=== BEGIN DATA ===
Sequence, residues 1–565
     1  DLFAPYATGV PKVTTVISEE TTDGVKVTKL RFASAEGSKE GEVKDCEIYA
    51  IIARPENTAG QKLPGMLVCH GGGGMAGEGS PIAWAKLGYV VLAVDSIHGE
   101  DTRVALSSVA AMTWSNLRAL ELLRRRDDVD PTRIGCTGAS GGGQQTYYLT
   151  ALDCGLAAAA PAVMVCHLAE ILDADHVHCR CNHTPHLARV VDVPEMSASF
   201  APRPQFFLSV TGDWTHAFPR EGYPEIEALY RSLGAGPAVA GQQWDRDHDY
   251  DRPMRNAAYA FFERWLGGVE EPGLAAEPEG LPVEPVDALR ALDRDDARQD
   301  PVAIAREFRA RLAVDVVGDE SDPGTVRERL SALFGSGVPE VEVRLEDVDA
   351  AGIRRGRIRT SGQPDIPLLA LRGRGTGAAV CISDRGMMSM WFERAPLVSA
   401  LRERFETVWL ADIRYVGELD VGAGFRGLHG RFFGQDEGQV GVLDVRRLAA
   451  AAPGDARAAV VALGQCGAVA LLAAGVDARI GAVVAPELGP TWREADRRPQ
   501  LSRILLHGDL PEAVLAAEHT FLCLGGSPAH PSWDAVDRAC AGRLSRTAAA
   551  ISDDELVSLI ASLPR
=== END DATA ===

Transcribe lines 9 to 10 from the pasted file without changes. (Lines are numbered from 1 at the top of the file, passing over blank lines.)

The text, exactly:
   351  AGIRRGRIRT SGQPDIPLLA LRGRGTGAAV CISDRGMMSM WFERAPLVSA
   401  LRERFETVWL ADIRYVGELD VGAGFRGLHG RFFGQDEGQV GVLDVRRLAA